Wiki Reflection Activity
Generate 3 or more anecdotes about your team's process that you would love to share will help teach your grandchildren design thinking when take a d.school classes. Example: In order to test how people act when they are anxious, we had people drink a 2 litters of water and wouldn't let them use the restroom until they answered 2 trivia questions (true student example about prototyping an experience with limited resources).
1) Working with the teachers at Capuchino, it was funny to see the difference between brainstorming in the comparatively low-risk environment of the dschool and brainstorming with teachers at a public high school. The cost of failure is so high there, that the fear of failure can become prohibitive to generating new ideas. Our brainstorm was often focused around "what have I done in the past," rather than "what would I do if I had no boundaries." The lesson is, coming up with things that are impossible leads to better solutions which are possible, but you have to make sure that you're willing to imagine the impossible, first.
In other words, when working with teachers, make sure you get them into an out-there, generative mood before brainstorming with them.
2) In such a short class, it's hard but vital to put together a group that works well. In our case, we were lucky to gel as much as we did in the few weeks we had to work on this project. I think getting out of the dschool - meeting, for example, at Hagar's house for one work day - helped us to break down the artificial boundaries between teamwork and friendship, which, in turn, led to more effective working.
3) In the first episode of Voltron (Defender of the Universe), the heroes of the show are captured and imprisoned, and the episode ends before they even get to find the lions that make up their superhero. Sometimes there's just not enough time to get to everything in one episode, but at least you can be ready for the next one.Final Presentation:http://www.youtube.com/watch?v=ffM00biXQ5E
The vibe we got from the interview:
Our most current POV statement (descrip of user) needs ______ (think verb) b/c ______ (insight). :
Ninth grade teacher needs to flesh out team dynamics because they want to approach 9th grade with clear objectives.
April 27th class:
The 2-3 Analogous Situations we explored and what we learned:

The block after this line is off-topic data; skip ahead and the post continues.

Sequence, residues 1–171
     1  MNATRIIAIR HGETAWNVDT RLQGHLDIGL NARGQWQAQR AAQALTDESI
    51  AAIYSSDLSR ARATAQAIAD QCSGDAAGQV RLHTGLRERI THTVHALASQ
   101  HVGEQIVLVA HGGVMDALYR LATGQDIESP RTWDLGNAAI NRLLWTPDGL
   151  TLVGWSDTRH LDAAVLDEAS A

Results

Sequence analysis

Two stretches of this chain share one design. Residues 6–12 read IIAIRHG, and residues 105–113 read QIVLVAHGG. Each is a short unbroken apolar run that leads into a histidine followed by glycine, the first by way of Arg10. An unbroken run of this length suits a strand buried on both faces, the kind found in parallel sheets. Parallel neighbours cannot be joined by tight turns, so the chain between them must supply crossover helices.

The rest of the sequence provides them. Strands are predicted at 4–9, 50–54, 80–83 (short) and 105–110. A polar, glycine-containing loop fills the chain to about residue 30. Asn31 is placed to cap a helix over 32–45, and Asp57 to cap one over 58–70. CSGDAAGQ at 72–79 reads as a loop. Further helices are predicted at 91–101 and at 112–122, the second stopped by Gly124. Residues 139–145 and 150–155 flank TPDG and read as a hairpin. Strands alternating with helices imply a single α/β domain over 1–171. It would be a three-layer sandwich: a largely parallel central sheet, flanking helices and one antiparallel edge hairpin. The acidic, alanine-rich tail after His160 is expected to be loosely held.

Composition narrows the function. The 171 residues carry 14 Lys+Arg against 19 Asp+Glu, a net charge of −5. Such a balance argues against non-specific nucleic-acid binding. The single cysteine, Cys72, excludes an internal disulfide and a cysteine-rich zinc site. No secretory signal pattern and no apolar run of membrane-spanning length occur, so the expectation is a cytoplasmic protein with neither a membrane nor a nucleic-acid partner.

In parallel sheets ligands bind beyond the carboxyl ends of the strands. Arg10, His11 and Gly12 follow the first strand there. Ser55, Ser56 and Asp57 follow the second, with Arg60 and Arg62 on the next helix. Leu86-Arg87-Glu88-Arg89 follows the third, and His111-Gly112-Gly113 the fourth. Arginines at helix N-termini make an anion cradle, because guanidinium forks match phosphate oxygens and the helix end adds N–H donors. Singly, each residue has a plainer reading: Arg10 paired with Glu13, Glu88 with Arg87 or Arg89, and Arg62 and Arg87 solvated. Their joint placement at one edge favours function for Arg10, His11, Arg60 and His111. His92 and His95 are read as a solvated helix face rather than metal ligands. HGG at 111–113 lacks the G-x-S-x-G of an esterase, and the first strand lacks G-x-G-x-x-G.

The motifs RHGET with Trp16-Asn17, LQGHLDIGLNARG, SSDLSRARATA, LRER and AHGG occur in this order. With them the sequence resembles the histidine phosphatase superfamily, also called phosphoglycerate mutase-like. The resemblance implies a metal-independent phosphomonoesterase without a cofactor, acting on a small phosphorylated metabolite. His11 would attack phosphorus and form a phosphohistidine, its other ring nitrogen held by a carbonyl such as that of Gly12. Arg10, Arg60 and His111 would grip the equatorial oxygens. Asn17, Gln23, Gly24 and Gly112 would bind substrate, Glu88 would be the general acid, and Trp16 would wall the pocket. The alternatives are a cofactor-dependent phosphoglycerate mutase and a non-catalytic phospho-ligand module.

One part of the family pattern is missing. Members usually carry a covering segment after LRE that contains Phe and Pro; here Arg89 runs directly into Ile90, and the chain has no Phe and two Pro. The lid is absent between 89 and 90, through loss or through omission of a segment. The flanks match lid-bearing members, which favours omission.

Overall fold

Medical folks like high-level, detailed, and powerful information
systems that allow them to access and share patient and diagnosis
- Sharing and gathering information is
partially technological, partially interpersonal, and partially
professional. That is, the hospital staff can and does consult patient
history, the patient themselves, and each other.
- The best decision making practices involve working as a group to delegate responsibilities to meet patient needs.
- The mission of the hospital is both caring for patients AND educating staff.
What does it do for you when you have access to information? How can you build an individual plan - like at the hospital - for students?
Do teachers want to know the problems? Why wouldn't they?
* Trusting coworkers (other teachers)
* Dealing with previous illness (preconceptions about students)
* Individualized care (vs. class planning)
2) Film Industry
- Communication and networking are essential to success.
- Relationships are long-term, but only intense for spurts.
- There's a lot of trust, built on apprenticeship, skills, and reputation. Jobs are highly delegated and sub-divided.
- Everyone buys into the rules, partially because the job and industry is prestigious and attractive.
Is film to egocentric an analogy?
* Prestige and Glamour
3) Business Ladder
- Evaluation can get in the way of learning in highly politicized team meetings.
- Incidental contact is invaluable for learning.
- A shared vision of success is critical for team building.
- Identify and emphasize the passions, skills, and disciplinary knowledge of each member of a team. Think flat, not up-and-down.
* Buy-in, again.
* Shared understanding of being a team member.
Whiteboards from class on Thursday 22: Next Steps and Things to Think About...